From Juke Joints to Jazz Jams: The Political Economy of Female Club Owners

Kara Attrep


The history of jazz and blues is tied up with the spaces owned and curated by female proprietors. Early jazz making was supported by enterprising women who would host lawn parties at their residences in New Orleans. The blues developed in places known as juke joints, which were and are still often women-owned spaces in the southern United States. Nevertheless, while histories of jazz and blues tend to focus on the musicians and composers of the respective genres, the venues have largely gone unstudied. If venues have been discussed, they are primarily the larger spaces owned by men. The work of club owners is unique, as they also act as club managers and are frequently curators of the music being presented. Club ownership as an occupational category is largely marked as male, with the places and spaces of musical production often seen as being hostile to women. This paper seeks to examine the work of female club owners and reveal the hidden political economy of places and spaces of jazz and blues.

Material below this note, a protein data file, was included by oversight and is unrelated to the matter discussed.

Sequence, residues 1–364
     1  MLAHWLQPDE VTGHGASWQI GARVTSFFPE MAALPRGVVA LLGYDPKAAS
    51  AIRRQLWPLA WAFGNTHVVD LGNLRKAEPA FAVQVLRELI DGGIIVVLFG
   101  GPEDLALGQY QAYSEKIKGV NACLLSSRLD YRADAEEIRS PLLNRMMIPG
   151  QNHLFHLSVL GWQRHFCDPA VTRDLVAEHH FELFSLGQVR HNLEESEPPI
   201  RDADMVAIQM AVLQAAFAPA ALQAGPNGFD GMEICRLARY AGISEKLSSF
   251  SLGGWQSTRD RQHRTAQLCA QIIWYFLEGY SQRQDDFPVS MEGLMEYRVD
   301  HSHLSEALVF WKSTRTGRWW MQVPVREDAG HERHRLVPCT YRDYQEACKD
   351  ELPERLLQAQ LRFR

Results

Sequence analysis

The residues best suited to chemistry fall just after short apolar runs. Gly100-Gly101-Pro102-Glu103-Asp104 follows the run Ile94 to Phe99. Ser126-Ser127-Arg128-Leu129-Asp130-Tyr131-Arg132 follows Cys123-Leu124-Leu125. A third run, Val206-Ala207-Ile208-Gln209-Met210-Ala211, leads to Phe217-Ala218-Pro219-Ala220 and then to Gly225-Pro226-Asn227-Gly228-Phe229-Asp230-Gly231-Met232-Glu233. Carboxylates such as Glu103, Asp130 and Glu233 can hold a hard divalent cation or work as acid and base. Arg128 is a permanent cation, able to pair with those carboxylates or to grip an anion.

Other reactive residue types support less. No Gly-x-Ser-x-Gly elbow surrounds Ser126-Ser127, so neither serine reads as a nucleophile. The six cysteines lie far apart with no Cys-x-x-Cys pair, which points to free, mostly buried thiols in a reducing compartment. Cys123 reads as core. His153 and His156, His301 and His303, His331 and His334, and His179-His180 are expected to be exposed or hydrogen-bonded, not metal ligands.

jazz venues, juke joints, women, gender, work

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